And Still They Rise: One Selfie at a Time

Black Muslim women observing the hijab are attempting to reclaim the narrative surrounding black Muslims. PHOTO CREDIT:

BY Arfa Shahid

Black Muslim women are fighting for recognition, one selfie at a time. The hashtag #BombBlackHijabis and #BombBlackMuslimahs has been making its round on social media this week, celebrating black hijabis – Muslim women who wear the religious headscarf – and commenting on the lack of representation of black Muslims.

The social media campaign was started by Instagram users @adifferentmeem and @safurasalam as their attempt to reclaim the narrative surrounding black Muslims. Images and videos of black women in hijab, along with the hashtag #BombBlackHijabis, were uploaded on Twitter, Instagram, Twitter and Tumblr (yes, it’s still alive) on March 11, which was declared as the official #BombBlackHijabis day.

The social media campaign sheds light on the intersectionality of race, class and gender in Islam. Co-organizer of the hashtag Safura Salam wrote a moving piece for Muslim Girl website about why the struggles of black Muslim women are unique, even if similar to other women of color.

Writing about her struggles as a black hijabi, Salam talked about the difficulties of raising her daughter as a Muslim woman, and said she did not enroll her daughter at an Islamic school to “delay her first experience with racism.”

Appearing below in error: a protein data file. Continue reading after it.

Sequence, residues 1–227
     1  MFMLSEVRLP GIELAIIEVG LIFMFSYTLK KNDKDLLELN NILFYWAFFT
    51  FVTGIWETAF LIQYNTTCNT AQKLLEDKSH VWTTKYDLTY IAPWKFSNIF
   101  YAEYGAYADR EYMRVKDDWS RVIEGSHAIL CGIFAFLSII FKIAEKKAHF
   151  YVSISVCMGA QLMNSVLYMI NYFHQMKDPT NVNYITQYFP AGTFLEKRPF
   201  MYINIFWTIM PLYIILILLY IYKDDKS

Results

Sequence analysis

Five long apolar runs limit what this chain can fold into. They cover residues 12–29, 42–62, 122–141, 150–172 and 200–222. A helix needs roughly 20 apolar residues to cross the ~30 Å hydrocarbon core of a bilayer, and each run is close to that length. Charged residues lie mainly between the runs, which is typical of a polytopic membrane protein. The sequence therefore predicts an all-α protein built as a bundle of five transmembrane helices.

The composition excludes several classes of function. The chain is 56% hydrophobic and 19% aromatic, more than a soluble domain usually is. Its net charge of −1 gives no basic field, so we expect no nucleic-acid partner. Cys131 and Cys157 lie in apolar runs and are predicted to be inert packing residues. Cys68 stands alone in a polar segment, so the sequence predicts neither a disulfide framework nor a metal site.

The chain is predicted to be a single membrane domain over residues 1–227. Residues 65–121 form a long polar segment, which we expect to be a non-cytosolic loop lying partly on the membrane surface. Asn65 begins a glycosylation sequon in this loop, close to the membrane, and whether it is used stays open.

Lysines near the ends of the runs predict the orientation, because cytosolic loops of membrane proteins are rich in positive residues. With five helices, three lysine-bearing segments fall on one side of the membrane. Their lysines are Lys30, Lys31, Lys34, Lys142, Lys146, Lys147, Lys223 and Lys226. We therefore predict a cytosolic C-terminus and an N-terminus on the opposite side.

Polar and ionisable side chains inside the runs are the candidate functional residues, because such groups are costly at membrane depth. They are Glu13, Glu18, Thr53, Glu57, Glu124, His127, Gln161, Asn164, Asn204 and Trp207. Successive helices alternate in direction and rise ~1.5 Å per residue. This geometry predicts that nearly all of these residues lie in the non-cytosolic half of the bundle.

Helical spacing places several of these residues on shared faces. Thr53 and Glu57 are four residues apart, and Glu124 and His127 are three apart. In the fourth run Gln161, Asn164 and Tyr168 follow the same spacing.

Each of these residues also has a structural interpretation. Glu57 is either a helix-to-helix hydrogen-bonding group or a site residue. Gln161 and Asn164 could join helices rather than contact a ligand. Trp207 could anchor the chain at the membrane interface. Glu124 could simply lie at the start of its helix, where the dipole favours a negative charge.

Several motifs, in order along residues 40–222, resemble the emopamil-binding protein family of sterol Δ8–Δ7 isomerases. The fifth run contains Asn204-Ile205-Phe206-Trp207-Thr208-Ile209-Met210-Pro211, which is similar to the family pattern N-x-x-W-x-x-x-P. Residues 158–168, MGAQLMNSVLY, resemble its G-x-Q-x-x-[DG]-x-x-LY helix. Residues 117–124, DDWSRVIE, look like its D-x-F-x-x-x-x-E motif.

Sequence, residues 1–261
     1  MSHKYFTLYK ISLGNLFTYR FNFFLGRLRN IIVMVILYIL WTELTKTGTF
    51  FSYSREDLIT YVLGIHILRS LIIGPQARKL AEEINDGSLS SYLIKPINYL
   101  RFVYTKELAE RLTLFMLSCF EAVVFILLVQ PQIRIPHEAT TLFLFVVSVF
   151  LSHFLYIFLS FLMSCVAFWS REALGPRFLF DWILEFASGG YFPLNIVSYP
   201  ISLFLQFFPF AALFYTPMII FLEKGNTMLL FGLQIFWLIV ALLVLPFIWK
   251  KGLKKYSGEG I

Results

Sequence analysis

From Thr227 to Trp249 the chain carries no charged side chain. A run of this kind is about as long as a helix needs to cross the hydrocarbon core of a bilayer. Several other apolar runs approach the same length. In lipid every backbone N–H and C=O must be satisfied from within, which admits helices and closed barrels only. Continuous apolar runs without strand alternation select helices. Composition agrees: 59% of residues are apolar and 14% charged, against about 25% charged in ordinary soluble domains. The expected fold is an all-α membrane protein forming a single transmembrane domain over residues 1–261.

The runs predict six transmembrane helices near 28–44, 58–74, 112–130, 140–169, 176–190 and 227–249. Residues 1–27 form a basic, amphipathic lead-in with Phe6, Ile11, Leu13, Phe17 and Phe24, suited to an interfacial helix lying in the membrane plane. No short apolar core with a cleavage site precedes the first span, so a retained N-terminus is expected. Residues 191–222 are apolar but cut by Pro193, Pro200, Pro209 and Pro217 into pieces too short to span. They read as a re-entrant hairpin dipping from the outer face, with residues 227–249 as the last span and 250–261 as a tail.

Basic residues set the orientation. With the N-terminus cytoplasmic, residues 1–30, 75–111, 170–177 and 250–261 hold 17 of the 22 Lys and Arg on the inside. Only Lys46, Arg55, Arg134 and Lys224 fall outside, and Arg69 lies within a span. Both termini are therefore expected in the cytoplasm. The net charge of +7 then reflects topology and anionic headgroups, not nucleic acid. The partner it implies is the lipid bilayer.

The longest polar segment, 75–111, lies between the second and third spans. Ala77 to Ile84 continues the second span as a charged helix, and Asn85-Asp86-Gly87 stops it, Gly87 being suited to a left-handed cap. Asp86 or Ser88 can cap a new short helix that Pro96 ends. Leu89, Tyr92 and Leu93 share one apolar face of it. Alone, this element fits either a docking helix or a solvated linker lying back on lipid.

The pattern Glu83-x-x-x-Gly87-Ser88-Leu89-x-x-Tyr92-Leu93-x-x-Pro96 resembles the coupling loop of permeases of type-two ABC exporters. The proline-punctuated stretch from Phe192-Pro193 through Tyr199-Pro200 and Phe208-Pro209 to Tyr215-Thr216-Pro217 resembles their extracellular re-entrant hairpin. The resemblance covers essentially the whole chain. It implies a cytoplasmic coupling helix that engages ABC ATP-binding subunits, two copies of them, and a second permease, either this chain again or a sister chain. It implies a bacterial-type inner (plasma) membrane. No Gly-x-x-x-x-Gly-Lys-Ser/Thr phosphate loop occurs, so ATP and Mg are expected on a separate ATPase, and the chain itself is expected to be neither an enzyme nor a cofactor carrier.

“I didn’t want her to struggle in finding a place within the tapestry of our Ummah. An Ummah where South Asian, Arab, and– to a lesser extent– Persian expressions of Islam pass for orthodoxy, but her own cultural and historical roots are often ignored.”

Race is a topic that many black Muslims, like Salam, feel is not discussed enough, despite the “color-blind” rhetoric that Islam promotes. Some may find that ironic, considering Islam abolished slavery 1400 years ago and granted equal status to all people of color. However, as the #BlackLivesMatter movement takes center stage in the debate on race relations in the U.S., the black Muslim identity has faced its own unique challenges.


#bombblackhijabis #bombblackmuslimahs #melanin

A photo posted by Veiled In Color (@veiledincolor) on

  #bombblackhijabis #bombblackmuslimahs #melanin A photo posted by Veiled In Color (@veiledincolor) on   For example, the use of the word “Abed” or “Abeed” has been a hot debate for many years. The word means a slave to God or Allah. While not offensive in itself – many Muslim men are named Abed – the word when used in reference to Africans constitutes a racial slur. According to some Arab-Americans and civil rights activists, the word has often been used by Arab-Americans to refer to African-Americans. In fact, a 2014 campaign on social media, #DropTheAWord urged people to drop the use of the word. Salam added that she wanted other Muslims to know that “there were, and continue to be, more black Muslims in our Islamic history than Bilal, Ibn Battuta and Malcolm X.” The ubiquity of social media networks has caused the hashtag to go viral, and women of African origin from various parts of the world continue to upload selfies and video-clips on social media, celebrating their history, ethnicity and origins.  



Blerd. 🖖🏾 📸: @yuniqueyunique A photo posted by Malikah A. Shabazz 🎶🎥🖖🏾🕋🕉☝🏾 (@malikah313bk) on

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